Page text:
Lent rebuilds marriages, as we commune with the Perfect Husband who gave Himself wholly for His Bride. – Peter Leithart
We are considering this season how we can begin to re-orient our attention to the Crucified Lord. There is a brokenness that takes place at Genesis 3; a relational brokenness. And this is why seasons like these help us to re-focus on that brokenness and find a rationale to re-energize our loyalty to Jesus our Lord.
Lent helps us to see ourselves as God sees us: marred by sin, but justified in Christ. And in this recognition we begin to grasp that our personal and corporate relationship with our Lord is always in need of refining, and Christ is committed to refining us.
Christ is the perfect husband and the more we commune with him the more we understand his ways and his desires for us.
Christ is not a despotic husband. He serves and serves and loves and loves and he dies for our sake; to show us that no greater love exists than that of a Lord who gives Himself wholly for His Bride.
The Church celebrates the Ascension of our Lord this Thursday. Since most churches are not able to have Thursday services, traditionally many of them celebrate Ascension on Sunday.
The Ascension of Jesus is barely mentioned in the evangelical vocabulary. We make room for his birth, death, and resurrection, but we tend to put a period where God puts a comma.
If the resurrection was the beginning of Jesus’ enthronement, then the ascension is the establishment of his enthronement. The Ascension activates Christ’s victory in history. The Great Commission is only relevant because of the Ascension. Without the Ascension the call to baptize and disciple would be meaningless. It is on the basis of Jesus’ enthronement at the right-hand of the Father, that we image-bearers can de-throne rulers through the power and authority of our Great Ruler, Jesus Christ.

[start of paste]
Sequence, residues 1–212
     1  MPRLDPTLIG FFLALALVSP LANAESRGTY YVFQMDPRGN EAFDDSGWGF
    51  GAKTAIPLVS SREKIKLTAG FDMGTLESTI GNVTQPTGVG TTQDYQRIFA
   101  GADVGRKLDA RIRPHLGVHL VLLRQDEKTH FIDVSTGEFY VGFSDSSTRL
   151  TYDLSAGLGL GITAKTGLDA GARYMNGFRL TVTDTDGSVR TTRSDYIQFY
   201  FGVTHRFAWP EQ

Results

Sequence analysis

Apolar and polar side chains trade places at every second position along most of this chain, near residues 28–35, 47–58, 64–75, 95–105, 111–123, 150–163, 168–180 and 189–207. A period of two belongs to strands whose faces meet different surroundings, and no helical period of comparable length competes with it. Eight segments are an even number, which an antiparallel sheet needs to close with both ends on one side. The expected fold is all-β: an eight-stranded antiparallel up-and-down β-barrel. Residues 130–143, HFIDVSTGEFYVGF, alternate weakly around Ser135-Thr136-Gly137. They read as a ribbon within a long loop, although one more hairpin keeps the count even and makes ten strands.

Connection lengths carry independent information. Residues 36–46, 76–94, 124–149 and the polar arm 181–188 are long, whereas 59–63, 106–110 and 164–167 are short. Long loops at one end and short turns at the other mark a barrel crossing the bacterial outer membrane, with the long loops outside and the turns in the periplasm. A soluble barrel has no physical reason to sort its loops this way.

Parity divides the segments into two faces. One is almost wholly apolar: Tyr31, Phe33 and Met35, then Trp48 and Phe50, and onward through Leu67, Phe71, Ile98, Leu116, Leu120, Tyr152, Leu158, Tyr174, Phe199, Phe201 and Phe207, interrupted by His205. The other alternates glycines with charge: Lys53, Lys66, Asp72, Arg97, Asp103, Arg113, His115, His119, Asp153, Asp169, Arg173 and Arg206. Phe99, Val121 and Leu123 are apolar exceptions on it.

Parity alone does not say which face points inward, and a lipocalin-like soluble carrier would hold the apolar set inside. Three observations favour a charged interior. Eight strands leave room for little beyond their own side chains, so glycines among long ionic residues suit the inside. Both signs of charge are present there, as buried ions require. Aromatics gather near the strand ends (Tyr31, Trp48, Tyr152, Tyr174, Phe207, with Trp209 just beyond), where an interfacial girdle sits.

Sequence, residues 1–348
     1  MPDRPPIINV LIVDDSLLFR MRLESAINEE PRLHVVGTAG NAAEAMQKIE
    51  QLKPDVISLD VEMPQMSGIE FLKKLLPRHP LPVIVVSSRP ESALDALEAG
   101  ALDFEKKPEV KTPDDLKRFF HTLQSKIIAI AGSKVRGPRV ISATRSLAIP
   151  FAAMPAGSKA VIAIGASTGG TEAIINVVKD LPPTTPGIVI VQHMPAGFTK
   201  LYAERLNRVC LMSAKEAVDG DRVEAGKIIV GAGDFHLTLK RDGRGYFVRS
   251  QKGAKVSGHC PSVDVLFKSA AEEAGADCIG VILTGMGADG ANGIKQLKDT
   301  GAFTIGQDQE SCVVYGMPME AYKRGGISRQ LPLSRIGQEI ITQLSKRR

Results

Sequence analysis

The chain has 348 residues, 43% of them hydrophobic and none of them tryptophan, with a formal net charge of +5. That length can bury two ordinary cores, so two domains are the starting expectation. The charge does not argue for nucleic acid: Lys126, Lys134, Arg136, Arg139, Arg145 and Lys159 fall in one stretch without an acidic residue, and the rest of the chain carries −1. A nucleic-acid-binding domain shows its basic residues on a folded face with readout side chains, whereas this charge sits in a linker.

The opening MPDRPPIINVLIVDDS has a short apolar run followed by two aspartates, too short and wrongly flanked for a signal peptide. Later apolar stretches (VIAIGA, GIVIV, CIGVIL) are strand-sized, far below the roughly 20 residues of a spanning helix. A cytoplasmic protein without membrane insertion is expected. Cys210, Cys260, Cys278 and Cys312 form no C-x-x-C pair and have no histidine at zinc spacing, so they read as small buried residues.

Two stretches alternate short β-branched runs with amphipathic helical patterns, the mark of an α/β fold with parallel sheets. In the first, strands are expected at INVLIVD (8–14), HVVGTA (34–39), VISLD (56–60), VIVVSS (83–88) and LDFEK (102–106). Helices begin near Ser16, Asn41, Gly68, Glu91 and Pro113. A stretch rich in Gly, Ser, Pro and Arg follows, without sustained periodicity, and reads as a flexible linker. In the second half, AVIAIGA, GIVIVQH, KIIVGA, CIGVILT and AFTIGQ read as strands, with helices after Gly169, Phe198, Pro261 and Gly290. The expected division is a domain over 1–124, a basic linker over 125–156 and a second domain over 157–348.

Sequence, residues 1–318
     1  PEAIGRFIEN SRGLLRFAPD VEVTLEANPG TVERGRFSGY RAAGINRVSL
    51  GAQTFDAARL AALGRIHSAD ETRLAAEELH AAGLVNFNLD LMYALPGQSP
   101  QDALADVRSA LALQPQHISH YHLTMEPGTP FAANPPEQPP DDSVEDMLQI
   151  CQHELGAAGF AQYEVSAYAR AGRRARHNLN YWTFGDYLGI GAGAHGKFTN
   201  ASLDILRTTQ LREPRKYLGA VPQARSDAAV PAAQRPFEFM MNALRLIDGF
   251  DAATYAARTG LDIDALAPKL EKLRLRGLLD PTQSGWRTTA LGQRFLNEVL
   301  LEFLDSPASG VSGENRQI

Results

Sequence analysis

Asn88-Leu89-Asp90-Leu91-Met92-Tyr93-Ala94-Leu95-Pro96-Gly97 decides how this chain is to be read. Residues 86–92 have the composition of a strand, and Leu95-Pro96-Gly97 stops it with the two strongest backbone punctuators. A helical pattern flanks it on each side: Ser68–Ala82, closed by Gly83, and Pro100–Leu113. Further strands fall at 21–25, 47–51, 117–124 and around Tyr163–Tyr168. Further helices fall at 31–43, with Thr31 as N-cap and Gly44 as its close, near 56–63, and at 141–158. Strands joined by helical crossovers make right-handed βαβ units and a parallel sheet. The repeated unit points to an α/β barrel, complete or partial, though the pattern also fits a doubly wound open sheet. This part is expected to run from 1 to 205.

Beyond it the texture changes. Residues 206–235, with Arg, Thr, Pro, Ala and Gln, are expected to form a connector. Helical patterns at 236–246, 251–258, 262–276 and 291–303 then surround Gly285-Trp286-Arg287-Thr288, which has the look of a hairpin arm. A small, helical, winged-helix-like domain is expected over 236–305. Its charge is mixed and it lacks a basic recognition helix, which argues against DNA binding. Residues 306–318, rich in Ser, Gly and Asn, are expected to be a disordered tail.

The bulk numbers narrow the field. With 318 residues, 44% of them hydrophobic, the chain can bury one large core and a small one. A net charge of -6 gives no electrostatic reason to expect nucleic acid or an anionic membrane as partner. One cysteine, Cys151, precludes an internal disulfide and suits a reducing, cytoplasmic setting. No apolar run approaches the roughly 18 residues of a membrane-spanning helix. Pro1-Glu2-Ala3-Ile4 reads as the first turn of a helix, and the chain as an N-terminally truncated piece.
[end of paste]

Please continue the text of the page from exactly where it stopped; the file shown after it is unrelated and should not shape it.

The Ascension then is a joyful event, because it is the genesis of the Church’s triumph over the world. Further, it defines us as a people of glory and power, not of weakness and shame. As Jesus is ascended, we too enter into his ascension glory (Col. 3:1) This glory exhorts us to embrace full joy. As Alexander Schmemann once wrote:
“The Church was victorious over the world through joy…and she will lose the world when she loses its joy…Of all accusations against Christians, the most terrible one was uttered by Nietzsche when he said that Christians had no joy.”
But this joy is given to us by a bodily Lord.
We know that Jesus is at the right hand of the Father. He is ruling and reigning from his heavenly throne. He has given the Father the kingdom, and now he is preserving, progressing, and perfecting his kingdom. He is bringing all things under subjection.
We know that when he was raised from the dead, Jesus was raised bodily. But Gnostic thinking would have us assume that since Jesus is in heaven he longer needs a physical body. But the same Father who raised Jesus physically, also has his Son sitting beside him in a physical body. As one author observed:
Jesus has gone before us in a way we may follow through the Holy Spirit whom he has sent, because the way is in his flesh, in his humanity.
Our Lord is in his incarnation body at the right hand of the Father. This has all sorts of implications for us in worship. We are worshipping a God/Man; one who descended in human flesh and who ascended in human flesh. He is not a disembodied spirit. He is truly God and truly man.
As we consider and celebrate the Ascension of our blessed Lord, remember that you are worshiping the One who understands your needs, because he has a body just like you; he understands your joy because he has a body just like you.
 Alexander Schmemann, For the Life of the World. Paraphrased